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The Highland Communities Initiative (HCI) is a program of The Trustees of Reservations that promotes land conservation and community preservation in rural western Massachusetts. HCI encourages local efforts
LEBANON COUNTY UNDERSTANDING THE Clean and Green PROGRAM When a county implements a Clean and Green program, it places two values on each parcel of land that qualifies. These values are known as the Fair
BLAIR COUNTY UNDERSTANDING THE Clean and Green PROGRAM When a county implements a Clean and Green program, it places two values on each parcel of land that qualifies. These values are known as the Fair
Understanding the Clean and Green Program Perry County, Pennsylvania DISCLAIMER: The material contained in this document is intended to provide only general information concerning the Pennsylvania Farmland
Basic Conservation Options Saving Special Places April 2016 Phil Auger Southeast Land Trust of NH seltnh.org O 778-6088 C 833-1139 Evans Mtn, Strafford Photo Dan Sperduto Basic Conservation Options- what
Sycamore Land Trust Frequently Asked Questions PO Box 7801, Bloomington, IN 47407 firstname.lastname@example.org (812) 336-5383 www.sycamorelandtrust.org Contents: I. Land Trusts Generally II. Sycamore Land
Understanding the Clean and Green Program Venango County, Pennsylvania DISCLAIMER: The material contained in this booklet is intended to provide only general information concerning the Pennsylvania Farmland
Conservation easements, the IRS & charity By Robert W. Wood With increased media focus on global climate change, people are paying attention to the environment, and especially to its conservation and preservation.
ID-231 Communities on Course Land Use Conservation Easements in Indiana Gerald A. Harrison, Agricultural Economics, Purdue University Jesse J. Richardson, Jr., Urban Affairs and Planning, Virginia Tech
Presented on behalf of The Morris Land Trust September 11, 2009 By Melissa Spear Connecticut Conservation Practitioners, LLC Total Land Area 3,275,760 Acres CLEAR Data 2006 clear.uconn.edu CLEAR 2006 (clear.uconn.edu)
The Basics of Conservation Easements in Mississippi According to the National Woodland Owners Survey (Butler et al. 2012), nearly 14 percent of Mississippi respondents said the most important reason for
Land Conservation Agreements Project Guidance Stakeholder Informed OTHER OPTIONS Introduction Enhanced or permanent protection of corporate lands through land conservation agreements means that companies
Goodwill Industries of Northern Michigan G.W. Homeless Services of Northern Michigan\ Gift Acceptance Policy Adopted 8/2009 Goodwill Industries of Northern Michigan and G.W. Homeless Services of Northern
& Questions Answers Trust for Architectural Easements & Questions Trust for Architectural Easements Answers The Federal Historic Preservation Tax Incentive Program, a program created by Congress, allows
LAND TRUSTS AND LAND CONSERVATION Land trusts are private, nonprofit conservation organizations that work with willing landowners to voluntarily protect pristine streams, forests, farms, scenic vistas,
When Recorded Return to: Notice of Continuance Land Classified as Current Use or Forest Land RCW Chapter 84.34 and 84.33 Grantor(s)/Sellers: Grantee(s)/Buyers: Mailing Address: City, State, Zip: Assessor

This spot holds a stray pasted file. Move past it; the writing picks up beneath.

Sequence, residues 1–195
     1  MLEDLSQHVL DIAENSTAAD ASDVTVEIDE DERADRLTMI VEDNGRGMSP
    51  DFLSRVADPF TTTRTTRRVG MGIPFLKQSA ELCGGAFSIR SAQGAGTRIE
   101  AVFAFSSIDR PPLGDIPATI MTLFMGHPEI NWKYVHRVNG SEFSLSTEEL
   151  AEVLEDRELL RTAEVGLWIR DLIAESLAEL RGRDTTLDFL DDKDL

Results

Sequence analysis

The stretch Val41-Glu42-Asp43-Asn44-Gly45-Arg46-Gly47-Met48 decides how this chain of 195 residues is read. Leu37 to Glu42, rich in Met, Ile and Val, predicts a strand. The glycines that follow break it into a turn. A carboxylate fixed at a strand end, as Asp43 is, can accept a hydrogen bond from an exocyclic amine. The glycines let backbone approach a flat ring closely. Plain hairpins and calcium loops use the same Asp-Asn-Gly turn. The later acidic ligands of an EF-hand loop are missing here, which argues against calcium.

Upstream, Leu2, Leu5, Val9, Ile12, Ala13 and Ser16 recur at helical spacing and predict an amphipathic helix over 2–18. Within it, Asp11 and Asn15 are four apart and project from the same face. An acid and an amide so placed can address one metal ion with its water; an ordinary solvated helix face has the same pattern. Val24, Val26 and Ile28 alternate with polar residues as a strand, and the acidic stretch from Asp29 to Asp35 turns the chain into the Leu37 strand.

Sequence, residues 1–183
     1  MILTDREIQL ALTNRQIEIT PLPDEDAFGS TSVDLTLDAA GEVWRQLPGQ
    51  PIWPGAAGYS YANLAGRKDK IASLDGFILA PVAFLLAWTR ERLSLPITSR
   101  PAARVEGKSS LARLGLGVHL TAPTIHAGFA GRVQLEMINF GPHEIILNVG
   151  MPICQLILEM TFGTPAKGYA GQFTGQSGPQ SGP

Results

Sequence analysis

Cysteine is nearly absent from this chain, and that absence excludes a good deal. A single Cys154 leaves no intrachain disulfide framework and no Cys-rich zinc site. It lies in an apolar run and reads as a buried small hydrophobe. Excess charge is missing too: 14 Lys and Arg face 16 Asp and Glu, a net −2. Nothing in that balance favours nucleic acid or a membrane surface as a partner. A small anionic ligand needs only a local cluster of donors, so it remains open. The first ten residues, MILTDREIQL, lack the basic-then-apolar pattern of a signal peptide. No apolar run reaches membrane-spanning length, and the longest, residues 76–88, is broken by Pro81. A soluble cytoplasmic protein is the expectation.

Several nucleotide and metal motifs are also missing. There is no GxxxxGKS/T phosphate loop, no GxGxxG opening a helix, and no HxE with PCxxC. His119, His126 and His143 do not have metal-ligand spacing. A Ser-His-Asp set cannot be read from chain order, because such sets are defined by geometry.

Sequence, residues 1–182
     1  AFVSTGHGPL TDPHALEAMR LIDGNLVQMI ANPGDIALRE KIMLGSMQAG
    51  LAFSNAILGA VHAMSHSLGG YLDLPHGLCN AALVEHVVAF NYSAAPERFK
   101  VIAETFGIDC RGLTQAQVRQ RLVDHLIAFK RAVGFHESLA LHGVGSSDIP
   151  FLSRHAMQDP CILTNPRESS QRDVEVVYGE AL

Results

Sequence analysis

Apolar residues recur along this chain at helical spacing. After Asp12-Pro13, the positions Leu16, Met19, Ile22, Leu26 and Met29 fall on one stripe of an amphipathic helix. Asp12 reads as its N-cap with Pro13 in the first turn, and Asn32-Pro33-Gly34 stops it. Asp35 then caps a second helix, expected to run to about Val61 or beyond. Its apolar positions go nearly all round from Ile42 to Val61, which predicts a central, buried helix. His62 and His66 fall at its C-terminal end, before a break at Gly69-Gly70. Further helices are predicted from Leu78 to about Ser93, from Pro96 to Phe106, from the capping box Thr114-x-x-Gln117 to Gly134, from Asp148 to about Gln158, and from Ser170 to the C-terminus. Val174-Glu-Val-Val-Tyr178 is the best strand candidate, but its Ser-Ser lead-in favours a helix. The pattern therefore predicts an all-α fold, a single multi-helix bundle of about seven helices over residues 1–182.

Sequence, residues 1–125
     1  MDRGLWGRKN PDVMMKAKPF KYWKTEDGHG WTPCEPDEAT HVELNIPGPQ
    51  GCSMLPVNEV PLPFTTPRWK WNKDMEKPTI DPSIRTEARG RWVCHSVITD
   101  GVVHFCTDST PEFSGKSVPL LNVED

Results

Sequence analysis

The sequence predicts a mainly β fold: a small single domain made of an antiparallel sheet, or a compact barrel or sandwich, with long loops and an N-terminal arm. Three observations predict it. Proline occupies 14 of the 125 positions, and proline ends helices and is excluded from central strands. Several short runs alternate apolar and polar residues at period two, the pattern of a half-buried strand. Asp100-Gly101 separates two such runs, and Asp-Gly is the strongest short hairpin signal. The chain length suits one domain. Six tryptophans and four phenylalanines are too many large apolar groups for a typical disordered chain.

Neds Corner Station What is a Conservation Covenant? www.trustfornature.org.au What is a conservation covenant? A conservation covenant (deed of covenant) is a voluntary, legal agreement made between a
Overview of Land Preservation Tools Ted Feitshans Department of Agricultural & Resource Economics North Carolina State University ARE 309 1 Types of Land Farm land Forest land Open space Historic 2 Right-to-Farm
Preserving the Avon Hills Landscape: Phase 2 Funding provided by the Minnesota Environment and Natural Resources Trust Fund In cooperation with: 2012-2016 Project Funded for $778,000 Preserving the Avon
Saving the Ranch: Fresh Eyes on Taxes, Development, and Conservation Easements Conservation easements provide a surprising diversity of alternative strategies for maintaining the ranch. By John B. Wright
Basic Conservation Options Saving Special Places April 7, 2018 Phil Auger Property Manager Southeast Land Trust of NH email@example.com O 778-6088 C 833-1139 North Fen Bog Pond & Button Sedge Mast
Agenda What is a conservation easement? Resources for conservation easements and land trusts Real Property Bundle of Rights Conditions Landowner Benefits Tax deductions Funding Options Required Information
Siskiyou Land Trust Strategic Plan Update 2018-2023 Issued by the Board of Directors of Siskiyou Land Trust, May 2018 Our Mission: The Siskiyou Land Trust is dedicated to long-term stewardship of agricultural,
IMPORTANT UPDATED ADVISORY ON TAX SHELTER ABUSE INVOLVING CONSERVATION DONATIONS All Land Trust Alliance (the Alliance ) member land trusts adopt and commit to implement Land Trust Standards and Practices
Anatomy of A Real Estate Transaction Texas Land Conservation Conference March 1, 2017 Goals for Today s Session Understand Best Practices for sound real estate transactions Learn tips & tricks to implement
Texas Parks and Wildlife Foundation Texas Parks and Wildlife Foundation s mission is to provide private support to Texas Parks and Wildlife Department to manage and conserve the natural and cultural resources